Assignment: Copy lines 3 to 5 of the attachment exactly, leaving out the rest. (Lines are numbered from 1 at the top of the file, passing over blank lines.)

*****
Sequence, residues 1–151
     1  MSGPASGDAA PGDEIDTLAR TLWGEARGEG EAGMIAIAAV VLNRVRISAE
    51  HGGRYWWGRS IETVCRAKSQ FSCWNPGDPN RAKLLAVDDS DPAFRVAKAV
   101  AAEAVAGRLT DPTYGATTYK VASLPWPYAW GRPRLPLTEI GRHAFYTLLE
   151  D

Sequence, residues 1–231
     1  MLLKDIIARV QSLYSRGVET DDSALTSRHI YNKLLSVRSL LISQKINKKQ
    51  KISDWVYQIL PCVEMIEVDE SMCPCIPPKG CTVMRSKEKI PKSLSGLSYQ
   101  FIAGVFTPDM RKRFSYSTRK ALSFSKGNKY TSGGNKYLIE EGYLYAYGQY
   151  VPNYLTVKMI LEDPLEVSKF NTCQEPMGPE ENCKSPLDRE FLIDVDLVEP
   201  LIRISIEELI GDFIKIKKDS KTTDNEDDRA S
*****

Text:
    51  HGGRYWWGRS IETVCRAKSQ FSCWNPGDPN RAKLLAVDDS DPAFRVAKAV
   101  AAEAVAGRLT DPTYGATTYK VASLPWPYAW GRPRLPLTEI GRHAFYTLLE
   151  D